Revisiting signature event guidelines

ASSP senate clarifies funding parameters and procedure for club signature events

Julia Battishill, News Editor

Senate advisor Alli Bautista presented to the senate floor during this week’s meeting, explaining the process of funding a “signature event.” The senators had expressed a need to rehash the concept in the prior meetings, to ensure that everyone understood the details of the complicated procedure.

First, Bautista reminded, an event qualifies as a signature event if it falls within the following parameters: it must have an anticipated attendance of over 150 people, it must have a budget over $2,000 and the event must have already occurred on our campus in some capacity at least once.

This final stipulation allows ASSP to know that estimations for attendance and ticket sales are accurate, because there are previous years to refer to.

Next, Bautista walked slowly through the process of funding a signature event and how senate is to choose the amount they will allocate from the club fund to help.

There are three facets of the funding process, she reminded the floor: fundraising, ticket sales, and club fund allocation.

The first, fundraising, is part of the agreement clubs must make when they put on a signature event. Clubs commit to raising 20% of the total cost of the event themselves, through fundraising, donations, sponsors, etc.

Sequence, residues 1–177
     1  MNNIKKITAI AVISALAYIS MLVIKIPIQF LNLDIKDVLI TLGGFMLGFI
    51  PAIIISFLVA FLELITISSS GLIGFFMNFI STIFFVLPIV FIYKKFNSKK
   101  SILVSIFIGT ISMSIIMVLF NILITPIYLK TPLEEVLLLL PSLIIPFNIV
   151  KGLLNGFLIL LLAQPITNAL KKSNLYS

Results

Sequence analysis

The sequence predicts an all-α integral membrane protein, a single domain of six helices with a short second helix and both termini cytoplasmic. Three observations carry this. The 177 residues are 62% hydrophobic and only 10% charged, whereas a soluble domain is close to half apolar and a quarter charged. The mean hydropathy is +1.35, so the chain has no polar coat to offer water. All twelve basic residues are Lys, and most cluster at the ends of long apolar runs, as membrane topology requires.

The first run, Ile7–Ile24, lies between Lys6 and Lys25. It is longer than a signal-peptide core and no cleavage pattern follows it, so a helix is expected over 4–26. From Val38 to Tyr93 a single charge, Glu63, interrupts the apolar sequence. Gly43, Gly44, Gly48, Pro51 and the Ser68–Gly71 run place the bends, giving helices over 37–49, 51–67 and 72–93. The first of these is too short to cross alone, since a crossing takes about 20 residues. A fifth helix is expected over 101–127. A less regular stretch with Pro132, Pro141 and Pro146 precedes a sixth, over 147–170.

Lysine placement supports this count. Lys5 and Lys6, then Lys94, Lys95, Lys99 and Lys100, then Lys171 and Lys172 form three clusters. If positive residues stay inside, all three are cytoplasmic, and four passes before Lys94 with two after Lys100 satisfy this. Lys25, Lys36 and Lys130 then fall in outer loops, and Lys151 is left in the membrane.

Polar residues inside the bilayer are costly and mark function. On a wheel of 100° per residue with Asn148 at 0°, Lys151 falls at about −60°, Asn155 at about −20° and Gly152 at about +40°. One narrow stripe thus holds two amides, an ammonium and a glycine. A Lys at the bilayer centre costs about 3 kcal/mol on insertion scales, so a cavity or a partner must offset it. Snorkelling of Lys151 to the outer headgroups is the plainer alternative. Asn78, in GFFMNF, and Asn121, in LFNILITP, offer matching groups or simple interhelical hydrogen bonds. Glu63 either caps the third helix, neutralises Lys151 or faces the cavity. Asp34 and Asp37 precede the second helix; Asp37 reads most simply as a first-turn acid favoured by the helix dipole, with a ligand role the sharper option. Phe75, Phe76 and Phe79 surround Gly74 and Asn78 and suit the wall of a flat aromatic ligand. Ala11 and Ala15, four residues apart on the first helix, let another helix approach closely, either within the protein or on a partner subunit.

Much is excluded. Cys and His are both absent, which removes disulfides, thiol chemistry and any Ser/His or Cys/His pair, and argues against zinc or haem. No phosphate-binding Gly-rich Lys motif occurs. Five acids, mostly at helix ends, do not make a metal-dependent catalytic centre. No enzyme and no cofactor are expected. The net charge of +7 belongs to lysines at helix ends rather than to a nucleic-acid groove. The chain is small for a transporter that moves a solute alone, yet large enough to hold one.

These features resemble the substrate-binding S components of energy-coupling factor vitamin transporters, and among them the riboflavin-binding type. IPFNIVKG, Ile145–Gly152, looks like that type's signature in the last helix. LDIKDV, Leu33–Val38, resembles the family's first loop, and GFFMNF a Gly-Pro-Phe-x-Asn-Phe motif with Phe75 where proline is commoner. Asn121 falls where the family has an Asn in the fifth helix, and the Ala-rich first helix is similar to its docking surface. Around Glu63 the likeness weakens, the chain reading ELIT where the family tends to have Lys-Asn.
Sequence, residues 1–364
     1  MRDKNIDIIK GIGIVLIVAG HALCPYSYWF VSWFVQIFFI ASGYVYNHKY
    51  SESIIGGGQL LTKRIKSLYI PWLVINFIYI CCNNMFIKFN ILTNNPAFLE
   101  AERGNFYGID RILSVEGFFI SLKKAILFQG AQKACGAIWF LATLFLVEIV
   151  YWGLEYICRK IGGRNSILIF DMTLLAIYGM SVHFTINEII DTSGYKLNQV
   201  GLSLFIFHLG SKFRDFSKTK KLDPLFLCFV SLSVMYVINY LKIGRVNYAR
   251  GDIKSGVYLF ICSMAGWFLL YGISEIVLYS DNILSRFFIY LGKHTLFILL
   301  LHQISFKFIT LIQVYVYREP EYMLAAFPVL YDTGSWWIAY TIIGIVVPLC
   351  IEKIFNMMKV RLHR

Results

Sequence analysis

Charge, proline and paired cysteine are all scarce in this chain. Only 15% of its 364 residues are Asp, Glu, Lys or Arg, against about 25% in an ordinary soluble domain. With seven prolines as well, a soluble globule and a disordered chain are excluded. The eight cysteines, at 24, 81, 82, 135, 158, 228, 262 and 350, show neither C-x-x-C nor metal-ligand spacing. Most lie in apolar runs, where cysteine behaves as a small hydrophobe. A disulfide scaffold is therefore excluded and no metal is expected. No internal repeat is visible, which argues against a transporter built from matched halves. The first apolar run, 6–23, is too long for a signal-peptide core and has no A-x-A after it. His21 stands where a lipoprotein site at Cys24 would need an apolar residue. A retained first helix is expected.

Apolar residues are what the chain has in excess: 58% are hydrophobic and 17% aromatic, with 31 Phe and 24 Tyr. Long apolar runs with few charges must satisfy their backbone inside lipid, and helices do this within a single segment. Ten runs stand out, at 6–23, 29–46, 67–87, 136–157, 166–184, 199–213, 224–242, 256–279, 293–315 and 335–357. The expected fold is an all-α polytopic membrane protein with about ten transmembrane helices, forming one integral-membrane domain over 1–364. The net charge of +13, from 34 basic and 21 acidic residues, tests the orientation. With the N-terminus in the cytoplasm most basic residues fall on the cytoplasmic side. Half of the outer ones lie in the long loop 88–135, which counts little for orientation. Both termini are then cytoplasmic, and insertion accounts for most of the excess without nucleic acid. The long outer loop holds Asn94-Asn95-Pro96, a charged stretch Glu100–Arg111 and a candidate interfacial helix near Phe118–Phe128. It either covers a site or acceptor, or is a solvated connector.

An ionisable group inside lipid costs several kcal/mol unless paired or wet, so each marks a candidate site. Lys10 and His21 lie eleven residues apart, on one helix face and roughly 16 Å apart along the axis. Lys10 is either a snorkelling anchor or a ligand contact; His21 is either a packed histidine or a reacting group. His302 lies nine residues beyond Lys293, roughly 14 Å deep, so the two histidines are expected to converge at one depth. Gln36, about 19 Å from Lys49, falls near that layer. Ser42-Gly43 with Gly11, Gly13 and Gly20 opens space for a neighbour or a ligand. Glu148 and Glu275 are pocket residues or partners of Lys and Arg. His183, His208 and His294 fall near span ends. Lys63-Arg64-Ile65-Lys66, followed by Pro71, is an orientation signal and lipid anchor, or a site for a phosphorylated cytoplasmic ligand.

The second, ticket sales, is decided by the club as well: they set ticket prices based on how many they expect to sell and how much money they need to raise.

As ticket sales often come in slowly, and clubs need to pay vendors and event expenses during that pre-event preparation time, they can take out a “ticket loan” from ASSP. This allows them to use the money they expect to make from sales early and then pay ASSP back as tickets sell.

“We can’t expect college students to be paying hundreds of dollars of event expenses out of pocket, which is why the ticket loan exists,” Bautista said.

The final facet, ASSP Club Fund allocation, is decided with these other factors in mind. The cap for funding from ASSP is set at $4,000, though that can be amended on the senate floor via vote if needed.

The senators practiced using a fake event budget, and did the math to calculate how much they could allocate the “club” to fill in the rest of their event budget without overextending the club fund or overfunding.

The new signature event policy was enacted last year, “in the hope that we have more equity in the way we distribute money to clubs,” Bautista said.

In other news:
Sen. Natalie Anderson from the School of Psychology has stepped down from her position.
ASSP Core and ASSP senator application forms are open now and close Feb. 1